All quantity surveyors also undertake Continuing Professional Development (CPD), which may include gaining additional qualifications.

With experience, you could become a project manager. You could also move into specialist areas such as legal services, risk management or facilities management.
Self-employment and freelance work are quite common.

Personal qualities

As a quantity surveyor, you would need to be a practical person with a logical and methodical approach to problem solving.  You would need good IT and numeracy skills, together with the ability to analyse the content of complicated documents.  A clear understanding both of construction techniques and technology and of the relevant laws and health and safety requirements would be essential.

You should have good communication skills, as you could be required to express your opinions both verbally and on paper.  You are also likely to be involved in negotiating with a wide variety of people, which means that you would have to listen to the points of view of others as well as giving your own opinion.  In addition, you are likely to be working as a member of a team, which may require you to motivate and lead people on site. 

Looking ahead

The demand for quantity surveyors depends to a great extent on the state of the construction industry in relation to the national economy, and the picture in 2011 is no more than moderately encouraging, as the market slowly recovers from the severe downturn of 2008-10. Forecasts suggest that demand for homes and industrial, office, retail and leisure facilities will eventually pick up again.

It is estimated that the construction industry lost 375,000 workers between 2008 and 2010. These include architects, quantity surveyors and construction managers, as well as bricklayers, carpenters, plumbers, electricians and other trades. It is not yet clear whether cuts in public spending will affect demand for infrastructure projects, or whether economic recovery will boost the housing and commercial construction sectors.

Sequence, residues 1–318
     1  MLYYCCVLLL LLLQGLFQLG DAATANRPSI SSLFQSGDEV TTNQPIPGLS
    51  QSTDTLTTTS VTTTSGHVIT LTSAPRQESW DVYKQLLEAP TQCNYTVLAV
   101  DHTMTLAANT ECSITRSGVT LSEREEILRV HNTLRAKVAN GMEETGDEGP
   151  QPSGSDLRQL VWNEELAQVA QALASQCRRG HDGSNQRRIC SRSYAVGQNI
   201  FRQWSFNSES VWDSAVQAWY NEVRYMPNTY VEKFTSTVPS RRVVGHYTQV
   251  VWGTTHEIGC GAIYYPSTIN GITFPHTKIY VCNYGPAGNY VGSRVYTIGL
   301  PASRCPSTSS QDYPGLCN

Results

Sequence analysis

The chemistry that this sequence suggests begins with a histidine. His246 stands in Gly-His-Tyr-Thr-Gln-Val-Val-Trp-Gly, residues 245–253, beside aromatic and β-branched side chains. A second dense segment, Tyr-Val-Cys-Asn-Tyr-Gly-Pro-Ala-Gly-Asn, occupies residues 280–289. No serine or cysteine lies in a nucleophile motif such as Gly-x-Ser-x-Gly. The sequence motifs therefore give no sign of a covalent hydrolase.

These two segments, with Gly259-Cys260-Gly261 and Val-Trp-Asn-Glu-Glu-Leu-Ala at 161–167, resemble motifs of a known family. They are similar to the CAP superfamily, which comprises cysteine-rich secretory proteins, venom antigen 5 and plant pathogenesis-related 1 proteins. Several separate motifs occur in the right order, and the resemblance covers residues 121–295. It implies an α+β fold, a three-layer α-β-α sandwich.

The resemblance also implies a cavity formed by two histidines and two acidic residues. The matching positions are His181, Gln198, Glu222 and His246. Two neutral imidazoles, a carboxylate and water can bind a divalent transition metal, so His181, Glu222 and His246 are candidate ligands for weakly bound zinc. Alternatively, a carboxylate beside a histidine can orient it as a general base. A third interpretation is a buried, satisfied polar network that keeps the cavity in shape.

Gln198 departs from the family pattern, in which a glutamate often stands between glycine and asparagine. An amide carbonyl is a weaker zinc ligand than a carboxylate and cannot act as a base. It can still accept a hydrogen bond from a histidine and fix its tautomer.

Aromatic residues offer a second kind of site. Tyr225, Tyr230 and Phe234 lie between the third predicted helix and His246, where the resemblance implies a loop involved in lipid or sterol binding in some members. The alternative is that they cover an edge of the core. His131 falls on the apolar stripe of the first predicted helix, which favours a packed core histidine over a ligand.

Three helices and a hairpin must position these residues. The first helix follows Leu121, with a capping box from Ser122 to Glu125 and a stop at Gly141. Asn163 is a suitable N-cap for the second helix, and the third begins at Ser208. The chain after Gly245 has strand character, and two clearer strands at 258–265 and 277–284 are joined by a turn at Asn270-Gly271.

There are three main areas in which you could find employment: private practice; with a large building or civil engineering contractor or with local and central government.

Alternative suggestions

Other possibilities might include architect, building surveyor, civil engineer, construction manager, estate agent, general practice surveyor, housing manager or town planner.

Take-home pay

When you first start working you could expect to earn between £20,000 and £30,000.  If you start working for a large contractor, you could earn more as you may get paid for working site hours: £22,000 plus is a more typical starting salary in such cases. Your salary could easily rise with experience to £35,000 to £75,000, and you could earn substantially more if you become a principal partner in private practice.

Effects

Quantity surveyors are generally office based, although your office may be on a construction site. Most quantity surveyors are likely to make some site visits, which require the use of safety equipment such as hard hats and boots.

When based at construction site, you may work from, say, 8am to 6pm. Otherwise, you may keep more normal office hours. Occasional weekend work may be required.

Sources of information

Chartered Institute of Building: www.ciob.org.uk
Chartered Surveyors Training Trust: www.cstt.org.uk
Chartered Institution of Civil Engineering Surveyors: www.cices.org 
Royal Institution of Chartered Surveyors: www.rics.org/surveying2012